Placement of leads for stereotactic electroencephalography without the use of anchor bolts: technical note

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  • 1 Department of Neurosurgery,
  • 2 Advocate Bromenn Medical Center, Normal, Illinois;
  • 3 Children’s Hospital of Colorado, Aurora; and
  • 4 Neuroscience Administration Research Team, Aurora, Colorado
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OBJECTIVE

Stereotactic electroencephalography (SEEG) is an increasingly common technique that neurosurgeons use to help identify the epileptogenic zone. The anchor bolt, which typically secures the electrode to the skull, can be problematic in very thin bone or in electrodes placed in the occiput.

METHODS

A technique is described to place electrodes without the use of an anchor bolt. Accuracy data for entry point, target point, and depth were collected and compared between electrodes placed with and those placed without an anchor bolt.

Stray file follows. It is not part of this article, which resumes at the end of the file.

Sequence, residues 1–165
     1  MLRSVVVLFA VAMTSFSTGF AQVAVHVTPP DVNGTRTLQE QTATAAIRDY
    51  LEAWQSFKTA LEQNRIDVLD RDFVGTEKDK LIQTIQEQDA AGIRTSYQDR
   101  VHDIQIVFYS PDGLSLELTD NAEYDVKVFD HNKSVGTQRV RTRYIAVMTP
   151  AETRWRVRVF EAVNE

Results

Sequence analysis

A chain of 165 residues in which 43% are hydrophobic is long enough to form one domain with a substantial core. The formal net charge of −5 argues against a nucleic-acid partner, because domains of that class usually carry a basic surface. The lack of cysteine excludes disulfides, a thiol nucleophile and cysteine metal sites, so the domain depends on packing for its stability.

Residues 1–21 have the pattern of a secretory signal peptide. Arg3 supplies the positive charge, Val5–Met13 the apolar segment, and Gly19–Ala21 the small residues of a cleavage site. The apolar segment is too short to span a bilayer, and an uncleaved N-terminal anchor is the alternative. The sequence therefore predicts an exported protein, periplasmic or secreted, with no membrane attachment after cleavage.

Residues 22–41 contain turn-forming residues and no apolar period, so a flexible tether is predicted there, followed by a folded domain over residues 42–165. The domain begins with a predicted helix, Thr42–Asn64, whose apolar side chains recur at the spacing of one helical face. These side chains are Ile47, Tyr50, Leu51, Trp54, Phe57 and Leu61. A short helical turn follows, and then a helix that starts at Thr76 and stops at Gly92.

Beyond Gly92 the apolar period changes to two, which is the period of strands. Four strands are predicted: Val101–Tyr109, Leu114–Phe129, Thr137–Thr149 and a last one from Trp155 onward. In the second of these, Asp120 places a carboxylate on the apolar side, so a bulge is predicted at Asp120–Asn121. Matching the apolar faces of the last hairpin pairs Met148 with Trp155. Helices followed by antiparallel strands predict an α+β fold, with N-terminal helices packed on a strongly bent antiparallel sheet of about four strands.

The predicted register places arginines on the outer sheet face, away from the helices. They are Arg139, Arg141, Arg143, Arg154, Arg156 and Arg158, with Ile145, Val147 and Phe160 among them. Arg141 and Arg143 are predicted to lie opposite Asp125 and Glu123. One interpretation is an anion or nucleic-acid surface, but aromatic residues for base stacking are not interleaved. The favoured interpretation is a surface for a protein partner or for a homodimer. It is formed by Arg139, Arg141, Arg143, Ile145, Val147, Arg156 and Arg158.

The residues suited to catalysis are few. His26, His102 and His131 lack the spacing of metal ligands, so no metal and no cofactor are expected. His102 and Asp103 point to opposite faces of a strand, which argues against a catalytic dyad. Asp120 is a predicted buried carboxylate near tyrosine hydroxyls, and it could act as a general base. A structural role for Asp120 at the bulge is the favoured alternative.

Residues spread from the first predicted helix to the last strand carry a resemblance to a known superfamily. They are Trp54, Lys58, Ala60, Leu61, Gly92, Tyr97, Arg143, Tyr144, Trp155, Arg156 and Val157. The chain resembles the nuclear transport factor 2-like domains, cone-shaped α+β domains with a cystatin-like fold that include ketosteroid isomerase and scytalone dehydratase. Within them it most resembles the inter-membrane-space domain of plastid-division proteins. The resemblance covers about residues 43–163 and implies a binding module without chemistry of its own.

RESULTS

A total of 58 patients underwent placement of 793 electrodes, of which 25 were boltless. The mean entry and depth errors at target were equivalent, although there was a trend toward greater depth error with boltless electrodes (3.4 mm vs 2.01 mm and 2.59 mm in the bolted groups, respectively). The mean lateral target error was slightly but significantly smaller for boltless electrodes. The majority (60%) of boltless leads were placed into thin temporal squamous bone. The average skull thickness at the entry point for all boltless leads was 1.85 mm.

CONCLUSIONS

Boltless SEEG electrodes can be placed through thin bone, adjacent to a cranial defect, or in the occiput with equivalent accuracy to electrodes placed with anchor bolts.

ABBREVIATIONS EEG = electroencephalography; EZ = epileptogenic zone; SEEG = stereotactic EEG.

Supplementary Materials

    • Supplementary Tables 1 and 2 (PDF 358 KB)

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Contributor Notes

Correspondence Brent R. O’Neill: Children’s Hospital of Colorado, Aurora, CO. brent.oneill@childrenscolorado.org.

SUBMITTED May 16, 2020. ACCEPTED July 17, 2020.

INCLUDE WHEN CITING Published online December 18, 2020; DOI: 10.3171/2020.7.PEDS20403.

Disclosures The authors report no conflict of interest concerning the materials or methods used in this study or the findings specified in this paper.

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